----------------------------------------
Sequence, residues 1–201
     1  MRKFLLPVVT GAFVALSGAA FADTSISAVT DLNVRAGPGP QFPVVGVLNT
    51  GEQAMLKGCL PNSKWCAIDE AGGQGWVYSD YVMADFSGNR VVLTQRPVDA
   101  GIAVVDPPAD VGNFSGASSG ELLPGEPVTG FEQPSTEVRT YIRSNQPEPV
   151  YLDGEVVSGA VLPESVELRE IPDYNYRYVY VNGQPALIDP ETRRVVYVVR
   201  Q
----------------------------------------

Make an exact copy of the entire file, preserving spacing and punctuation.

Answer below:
Sequence, residues 1–201
     1  MRKFLLPVVT GAFVALSGAA FADTSISAVT DLNVRAGPGP QFPVVGVLNT
    51  GEQAMLKGCL PNSKWCAIDE AGGQGWVYSD YVMADFSGNR VVLTQRPVDA
   101  GIAVVDPPAD VGNFSGASSG ELLPGEPVTG FEQPSTEVRT YIRSNQPEPV
   151  YLDGEVVSGA VLPESVELRE IPDYNYRYVY VNGQPALIDP ETRRVVYVVR
   201  Q